Part three - 1981
The 81 season saw us move to Gilbert Park, Red Hill from Jubilee Oval at Bardon. Jubilee was a cricket ground with no rugby league line markings and only one light which made ball work very interesting. The move to Gilbert Park was engineered by President Jack Bastin who would be at the helm of the club over the next five years and was backed by a strong committee. As Wests Juniors had the lease on Gilbert Park, a strong link was formed with Darryl Laine and his committee over the next decade. I have no doubt the new facilities at Gilbert Park played a role in the success that was to come. The Broncos still enjoy a great training facility today.
Still, despite less than desirable training facilities, we made the semi's in 1980 under the coaching of Bill Roderick but were knocked out by SGIO in the first week of the finals. Bill made sure we were fit, flogging us relentlessly with the help of Wests conditioner Happy Lawrence. Bills favourite description of us was "Bleedin Fairies" which only a Welshman could get away with. Every night before training he would send us off on a road run up Coopers Camp Road, along Waterworks, down and up Jubilee Terrace and then back down Coopers Camp to the field.
As mentioned earlier, some Samford boys had come over that season and we had quite a mix of talent to work with. We were playing in the Metropolitan League which was the biggest and strongest in Brisbane next to the BRL. Other leagues operating then were Commercial, Sub Districts (second division) Public Service and Church leagues. Lots of football going on. The Metropolitan League headquarters was at Gibson Park, Stafford with four fields in use every Sunday with up to twelve games played during the day. 1981 was Peter Younger's first year as coach. He would coach us for three years and win three premierships. Some record. The Metropolitan League would grow over the next couple of years to field almost sixty teams in A1, A2, Reserve, B & C grades. Normanby always prided itself on being in the strongest grade, the A1.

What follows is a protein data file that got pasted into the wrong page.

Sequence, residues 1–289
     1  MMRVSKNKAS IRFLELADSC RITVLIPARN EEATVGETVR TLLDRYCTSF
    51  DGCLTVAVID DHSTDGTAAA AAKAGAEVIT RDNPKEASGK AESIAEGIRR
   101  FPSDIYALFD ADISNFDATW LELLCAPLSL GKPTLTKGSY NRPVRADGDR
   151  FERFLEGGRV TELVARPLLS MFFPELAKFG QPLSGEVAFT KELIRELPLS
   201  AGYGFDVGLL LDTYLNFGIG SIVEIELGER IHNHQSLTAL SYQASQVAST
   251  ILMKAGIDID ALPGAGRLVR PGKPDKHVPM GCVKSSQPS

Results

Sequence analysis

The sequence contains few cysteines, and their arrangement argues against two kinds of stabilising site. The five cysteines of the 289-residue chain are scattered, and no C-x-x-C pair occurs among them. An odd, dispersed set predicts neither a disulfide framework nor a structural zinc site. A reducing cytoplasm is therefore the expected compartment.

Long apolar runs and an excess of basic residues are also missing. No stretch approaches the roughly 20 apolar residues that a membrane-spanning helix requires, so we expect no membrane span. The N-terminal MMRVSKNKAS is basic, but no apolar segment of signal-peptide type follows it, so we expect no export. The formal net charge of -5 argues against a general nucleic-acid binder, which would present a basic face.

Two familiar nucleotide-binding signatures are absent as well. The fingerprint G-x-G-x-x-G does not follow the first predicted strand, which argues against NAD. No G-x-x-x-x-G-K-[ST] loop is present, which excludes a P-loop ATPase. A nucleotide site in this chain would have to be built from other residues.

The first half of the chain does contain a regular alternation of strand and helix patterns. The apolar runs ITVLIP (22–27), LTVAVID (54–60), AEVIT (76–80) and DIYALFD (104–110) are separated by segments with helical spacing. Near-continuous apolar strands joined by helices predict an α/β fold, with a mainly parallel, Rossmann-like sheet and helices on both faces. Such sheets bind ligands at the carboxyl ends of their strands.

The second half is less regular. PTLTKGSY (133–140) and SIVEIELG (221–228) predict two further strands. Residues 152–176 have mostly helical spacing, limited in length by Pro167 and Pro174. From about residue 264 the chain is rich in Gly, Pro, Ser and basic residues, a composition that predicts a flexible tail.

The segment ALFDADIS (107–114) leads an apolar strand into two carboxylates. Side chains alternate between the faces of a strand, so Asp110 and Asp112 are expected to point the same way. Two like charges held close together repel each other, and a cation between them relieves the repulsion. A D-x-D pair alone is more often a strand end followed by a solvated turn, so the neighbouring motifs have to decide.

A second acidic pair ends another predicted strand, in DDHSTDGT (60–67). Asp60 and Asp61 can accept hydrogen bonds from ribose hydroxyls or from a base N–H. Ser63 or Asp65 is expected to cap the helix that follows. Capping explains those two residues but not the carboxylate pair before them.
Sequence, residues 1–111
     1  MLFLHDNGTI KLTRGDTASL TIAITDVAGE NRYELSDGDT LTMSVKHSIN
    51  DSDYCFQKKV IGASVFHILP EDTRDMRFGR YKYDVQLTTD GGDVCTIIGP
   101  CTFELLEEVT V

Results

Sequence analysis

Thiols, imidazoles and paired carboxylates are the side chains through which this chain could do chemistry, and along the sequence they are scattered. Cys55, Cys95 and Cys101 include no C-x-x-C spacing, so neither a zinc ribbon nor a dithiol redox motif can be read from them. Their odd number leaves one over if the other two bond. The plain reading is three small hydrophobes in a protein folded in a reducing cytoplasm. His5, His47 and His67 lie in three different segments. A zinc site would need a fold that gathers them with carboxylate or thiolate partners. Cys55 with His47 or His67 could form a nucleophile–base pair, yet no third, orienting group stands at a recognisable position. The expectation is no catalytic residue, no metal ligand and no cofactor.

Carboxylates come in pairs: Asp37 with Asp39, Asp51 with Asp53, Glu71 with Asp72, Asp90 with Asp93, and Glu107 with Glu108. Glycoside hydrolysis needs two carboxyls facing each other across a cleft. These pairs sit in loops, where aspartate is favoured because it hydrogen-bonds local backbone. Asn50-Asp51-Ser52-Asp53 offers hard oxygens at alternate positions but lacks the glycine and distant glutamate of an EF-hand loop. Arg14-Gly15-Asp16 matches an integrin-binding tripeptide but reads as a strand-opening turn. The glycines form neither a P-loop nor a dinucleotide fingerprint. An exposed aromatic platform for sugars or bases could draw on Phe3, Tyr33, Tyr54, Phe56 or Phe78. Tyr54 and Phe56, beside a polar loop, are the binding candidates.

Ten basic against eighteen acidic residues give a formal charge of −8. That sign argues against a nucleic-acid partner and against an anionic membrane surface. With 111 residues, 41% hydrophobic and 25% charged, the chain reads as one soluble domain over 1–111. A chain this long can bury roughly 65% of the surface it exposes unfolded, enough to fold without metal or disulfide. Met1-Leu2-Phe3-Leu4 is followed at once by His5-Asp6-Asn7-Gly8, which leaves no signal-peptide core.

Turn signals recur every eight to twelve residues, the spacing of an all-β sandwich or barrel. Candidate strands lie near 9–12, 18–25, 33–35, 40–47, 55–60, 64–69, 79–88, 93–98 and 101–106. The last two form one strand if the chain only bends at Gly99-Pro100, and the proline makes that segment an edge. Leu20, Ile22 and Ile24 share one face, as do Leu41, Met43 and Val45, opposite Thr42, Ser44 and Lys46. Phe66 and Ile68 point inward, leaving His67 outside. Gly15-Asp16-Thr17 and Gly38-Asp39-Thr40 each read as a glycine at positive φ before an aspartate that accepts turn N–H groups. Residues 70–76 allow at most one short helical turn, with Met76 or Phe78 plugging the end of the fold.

The 1981 Grand Final was played at Newman Oval at Albion which was at the time the home ground of the famous Valleys Club (now Alan Border Oval). We were to play Hansens who were the favourites for the title. We would meet them in three grand finals in a row between 81 and 83. On paper they were clearly the favourites, boasting several Brothers First Grade players and former Brisbane and Queensland halfback Johnny Smith as coach. People say you have to lose a grand final to win one. While we were nervously getting changed in the sheds, coach Younger asked how many of us had played in a grand final before. It was pretty quiet. Still, we were happy to be there and knew we would give a good account of ourselves.
Hansens scored first but we hit back with two tries. The first after some good hands through the backs. And the game was sealed by a try from dummy half with ten to go. The game was very open with both sides attacking from the start but it was our defence in the second half that got us home and would be our strength over the following four premierships. As you can imagine the clubhouse was the place to be that night and the Normanby Hotel the next day for the 10 to 10 celebrations. I have purposely not mentioned players names from the game as we were all in it together and never thought of ourselves as individuals which would show through in the years to follow. This was just one of the traits brought to the club by Peter Younger.
There were many outstanding performances that Sunday afternoon. Doug Lulham our great masseur who was helped by Jimmy Johnson to get us massaged and ready before the game and strappers John Taplin and Tony Spencer who looked after us during the game. They had plenty to do as it was pretty rugged and at times a bit heated. Highlights of our win would take top billing over the BRL on channel Nine's sport segment that night as Normanby stalwart Ren Winders was Nines news editor. Ren always organised a channel Nine cameraman to shoot our Grand Finals. We would get top billing on the six o' clock news for a few years to come.
By Brian Donnelly